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Crondall Primary School

Design and Technology

Design and technology is an inspiring, rigorous and practical subject. Using creativity and imagination, pupils design and make products that solve real and relevant problems within a variety of contexts, considering their own and others’ needs, wants and values. They acquire a broad range of subject knowledge and draw on disciplines such as mathematics, science, engineering, computing, cookery and art. Pupils learn how to take risks, becoming resourceful, innovative, enterprising and capable citizens. Through the evaluation of past and present design and technology, they develop a critical understanding of its impact on daily life and the wider world. High-quality design and technology education makes an essential contribution to the creativity, culture, wealth and well-being of the nation.

By the end of EYFS…

  • Children safely use and explore a variety of materials, tools and techniques, experimenting with colour, design, texture, form and function.
  • Children use what they have learnt about media and materials in original ways, thinking about uses and purposes. They represent their own ideas, thoughts and feelings through design technology.


By the end of KS1….

When designing and making, pupils should be taught to:

Design

  • design purposeful, functional, appealing products for themselves and other users based on design criteria.
  • generate, develop, model and communicate their ideas through talking, drawing, templates, mock-ups and, where appropriate, information and communication technology.

Make

  • select from and use a range of tools and equipment to perform practical tasks [for example, cutting, shaping, joining and finishing].
  • select from and use a wide range of materials and components, including construction materials, textiles and ingredients, according to their characteristics.

Evaluate

  • explore and evaluate a range of existing products.
  • evaluate their ideas and products against design criteria.

Technical knowledge

  • build structures, exploring how they can be made stronger, stiffer and more stable.
  • explore and use mechanisms [for example, levers, sliders, wheels and axles], in their products.

By the end of KS2…

When designing and making, pupils should be taught to:

Design

  • use research and develop design criteria to inform the design of innovative, functional, appealing products that are fit for purpose, aimed at particular individuals or groups.
  • generate, develop, model and communicate their ideas through discussion, annotated sketches, cross-sectional and exploded diagrams, prototypes, pattern pieces and computer-aided design.

Make

  • select from and use a wider range of tools and equipment to perform practical tasks [for example, cutting, shaping, joining and finishing], accurately.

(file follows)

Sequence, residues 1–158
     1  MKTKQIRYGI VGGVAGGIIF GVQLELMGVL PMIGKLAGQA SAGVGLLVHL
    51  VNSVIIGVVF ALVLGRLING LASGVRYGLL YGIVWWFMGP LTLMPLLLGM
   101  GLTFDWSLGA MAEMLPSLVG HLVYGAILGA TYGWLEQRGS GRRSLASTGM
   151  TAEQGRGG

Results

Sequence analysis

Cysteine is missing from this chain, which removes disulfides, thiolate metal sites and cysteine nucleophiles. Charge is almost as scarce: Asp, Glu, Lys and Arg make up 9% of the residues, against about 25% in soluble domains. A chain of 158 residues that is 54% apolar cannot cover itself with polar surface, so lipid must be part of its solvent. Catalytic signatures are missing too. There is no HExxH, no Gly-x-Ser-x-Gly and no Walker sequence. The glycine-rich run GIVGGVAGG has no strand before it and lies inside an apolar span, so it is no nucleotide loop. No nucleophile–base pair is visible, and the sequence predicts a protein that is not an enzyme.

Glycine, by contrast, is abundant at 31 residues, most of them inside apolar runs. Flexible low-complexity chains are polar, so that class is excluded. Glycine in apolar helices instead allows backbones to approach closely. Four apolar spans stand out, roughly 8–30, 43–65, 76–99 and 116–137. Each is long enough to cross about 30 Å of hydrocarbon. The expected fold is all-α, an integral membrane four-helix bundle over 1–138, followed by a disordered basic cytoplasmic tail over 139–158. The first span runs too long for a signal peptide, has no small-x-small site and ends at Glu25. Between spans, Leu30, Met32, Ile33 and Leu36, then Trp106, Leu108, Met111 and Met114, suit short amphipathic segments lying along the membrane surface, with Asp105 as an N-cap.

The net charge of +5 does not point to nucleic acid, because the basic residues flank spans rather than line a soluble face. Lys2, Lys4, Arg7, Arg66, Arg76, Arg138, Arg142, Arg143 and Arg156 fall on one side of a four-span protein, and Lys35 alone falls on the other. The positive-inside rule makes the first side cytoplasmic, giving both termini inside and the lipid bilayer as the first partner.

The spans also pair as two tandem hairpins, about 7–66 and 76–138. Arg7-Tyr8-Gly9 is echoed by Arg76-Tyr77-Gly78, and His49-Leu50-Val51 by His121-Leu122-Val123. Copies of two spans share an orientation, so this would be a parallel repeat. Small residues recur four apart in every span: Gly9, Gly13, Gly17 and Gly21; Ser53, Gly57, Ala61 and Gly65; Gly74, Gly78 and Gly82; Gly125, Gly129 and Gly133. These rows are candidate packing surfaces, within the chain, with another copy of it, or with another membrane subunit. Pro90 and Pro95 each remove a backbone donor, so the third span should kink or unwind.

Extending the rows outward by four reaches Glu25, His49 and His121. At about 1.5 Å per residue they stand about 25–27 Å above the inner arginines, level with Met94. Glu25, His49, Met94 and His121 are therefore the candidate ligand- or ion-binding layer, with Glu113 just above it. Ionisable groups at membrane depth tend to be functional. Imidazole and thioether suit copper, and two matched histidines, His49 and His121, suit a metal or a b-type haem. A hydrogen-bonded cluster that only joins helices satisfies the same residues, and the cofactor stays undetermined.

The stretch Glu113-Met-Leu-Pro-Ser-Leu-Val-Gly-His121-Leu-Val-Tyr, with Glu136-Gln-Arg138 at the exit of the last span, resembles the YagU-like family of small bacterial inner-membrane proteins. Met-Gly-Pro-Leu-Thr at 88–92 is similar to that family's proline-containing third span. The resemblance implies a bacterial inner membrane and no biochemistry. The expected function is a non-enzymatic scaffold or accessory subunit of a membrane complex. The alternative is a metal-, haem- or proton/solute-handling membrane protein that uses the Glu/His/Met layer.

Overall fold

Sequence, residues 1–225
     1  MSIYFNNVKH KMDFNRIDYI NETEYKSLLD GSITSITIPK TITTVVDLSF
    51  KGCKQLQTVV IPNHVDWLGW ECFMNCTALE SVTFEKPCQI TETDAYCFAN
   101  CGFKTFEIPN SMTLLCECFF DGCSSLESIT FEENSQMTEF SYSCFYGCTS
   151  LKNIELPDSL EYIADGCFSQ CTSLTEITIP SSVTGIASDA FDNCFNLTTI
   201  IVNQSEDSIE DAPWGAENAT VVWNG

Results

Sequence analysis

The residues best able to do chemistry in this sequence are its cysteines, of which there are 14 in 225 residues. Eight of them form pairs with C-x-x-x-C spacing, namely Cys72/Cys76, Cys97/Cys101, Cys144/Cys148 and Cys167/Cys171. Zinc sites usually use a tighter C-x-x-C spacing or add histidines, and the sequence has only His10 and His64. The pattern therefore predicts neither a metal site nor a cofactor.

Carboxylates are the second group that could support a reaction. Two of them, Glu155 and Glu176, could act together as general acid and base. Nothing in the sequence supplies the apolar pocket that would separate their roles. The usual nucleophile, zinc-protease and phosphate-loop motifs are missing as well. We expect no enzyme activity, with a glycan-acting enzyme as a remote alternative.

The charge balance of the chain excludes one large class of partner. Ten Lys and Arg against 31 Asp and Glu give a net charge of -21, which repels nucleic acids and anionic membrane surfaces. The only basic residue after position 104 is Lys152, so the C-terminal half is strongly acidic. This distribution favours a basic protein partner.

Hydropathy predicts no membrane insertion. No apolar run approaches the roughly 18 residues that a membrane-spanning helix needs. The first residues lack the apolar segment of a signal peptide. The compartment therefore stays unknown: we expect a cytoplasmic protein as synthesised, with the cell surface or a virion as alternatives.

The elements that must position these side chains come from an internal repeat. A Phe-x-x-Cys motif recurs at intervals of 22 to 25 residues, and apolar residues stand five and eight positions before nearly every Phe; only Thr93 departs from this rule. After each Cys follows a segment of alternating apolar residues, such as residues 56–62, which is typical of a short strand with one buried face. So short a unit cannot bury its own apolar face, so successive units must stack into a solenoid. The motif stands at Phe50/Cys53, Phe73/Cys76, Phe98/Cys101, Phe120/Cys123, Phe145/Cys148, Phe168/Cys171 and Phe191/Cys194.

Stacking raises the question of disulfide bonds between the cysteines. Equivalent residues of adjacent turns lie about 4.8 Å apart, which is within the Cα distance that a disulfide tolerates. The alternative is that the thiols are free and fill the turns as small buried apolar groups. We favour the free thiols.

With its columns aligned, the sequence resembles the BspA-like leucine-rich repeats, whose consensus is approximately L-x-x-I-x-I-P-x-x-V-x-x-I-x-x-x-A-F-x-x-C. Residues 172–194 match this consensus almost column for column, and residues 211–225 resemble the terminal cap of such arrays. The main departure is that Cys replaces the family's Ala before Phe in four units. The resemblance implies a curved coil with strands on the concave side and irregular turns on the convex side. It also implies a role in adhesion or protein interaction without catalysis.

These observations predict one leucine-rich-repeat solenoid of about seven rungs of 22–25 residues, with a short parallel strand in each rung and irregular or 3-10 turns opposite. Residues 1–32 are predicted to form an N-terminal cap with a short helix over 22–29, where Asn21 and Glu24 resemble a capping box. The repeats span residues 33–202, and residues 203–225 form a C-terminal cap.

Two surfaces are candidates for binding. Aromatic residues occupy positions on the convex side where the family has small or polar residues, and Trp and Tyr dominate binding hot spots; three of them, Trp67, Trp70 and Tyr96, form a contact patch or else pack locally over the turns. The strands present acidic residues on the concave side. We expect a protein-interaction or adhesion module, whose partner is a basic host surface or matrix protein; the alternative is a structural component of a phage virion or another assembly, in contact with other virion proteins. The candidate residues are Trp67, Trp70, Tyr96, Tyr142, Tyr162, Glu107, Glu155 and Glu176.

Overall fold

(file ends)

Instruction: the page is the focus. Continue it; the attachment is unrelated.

• select from and use a wider range of materials and components, including construction materials, textiles and ingredients, according to their functional properties and aesthetic qualities.

Evaluate

  • investigate and analyse a range of existing products.
  • evaluate their ideas and products against their own design criteria and consider the views of others to improve their work.
  • understand how key events and individuals in design and technology have helped shape the world.

Technical knowledge

  • apply their understanding of how to strengthen, stiffen and reinforce more complex structures.
  • understand and use mechanical systems in their products [for example, gears, pulleys, cams, levers and linkages].
  • understand and use electrical systems in their products [for example, series circuits incorporating switches, bulbs, buzzers and motors].
  • apply their understanding of computing to program, monitor and control their products.

Implementation at our school

At Crondall, Design technology is used creatively from Year R to Year 6 to enhance the termly topics, using the projects on a page provided by Hampshire as a guide. Usually this is blocked into a focussed unit of work so that products are made for a purpose and can be evaluated. We also have a beautiful cookery classroom which is used to fulfil the needs of the curriculum as well as children cooking in here with our catering managers each year, in order to illicit learning around healthy eating, consumer awareness, social meal times and table manners.

 

I love our construction area! ‘ – Year R child

I love DT because it involves getting messy and I like making things!’ – Year 3 child

 ‘I remember in Year 1 we made moon buggies and we learnt all about axels.’ - Year 4 child

 ‘I enjoy doing DT because it is something a bit different and you can use your problem solving skills to create something.’ - Year 5 child

 

How to support my child

Foster the urge to design something.

Use and experiment with a wide variety of materials to understand their properties.

Develop your child’s cutting skills.

Cook with your child regularly.

Allow your child to measure lengths, capacity and weights.